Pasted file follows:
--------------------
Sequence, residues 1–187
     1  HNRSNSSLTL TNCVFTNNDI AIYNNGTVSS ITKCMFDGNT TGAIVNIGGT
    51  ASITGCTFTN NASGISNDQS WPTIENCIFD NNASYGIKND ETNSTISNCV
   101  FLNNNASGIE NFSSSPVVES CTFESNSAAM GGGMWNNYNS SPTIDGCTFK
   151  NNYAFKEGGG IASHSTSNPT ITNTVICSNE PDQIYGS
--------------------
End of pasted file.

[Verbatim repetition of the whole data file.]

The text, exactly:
Sequence, residues 1–187
     1  HNRSNSSLTL TNCVFTNNDI AIYNNGTVSS ITKCMFDGNT TGAIVNIGGT
    51  ASITGCTFTN NASGISNDQS WPTIENCIFD NNASYGIKND ETNSTISNCV
   101  FLNNNASGIE NFSSSPVVES CTFESNSAAM GGGMWNNYNS SPTIDGCTFK
   151  NNYAFKEGGG IASHSTSNPT ITNTVICSNE PDQIYGS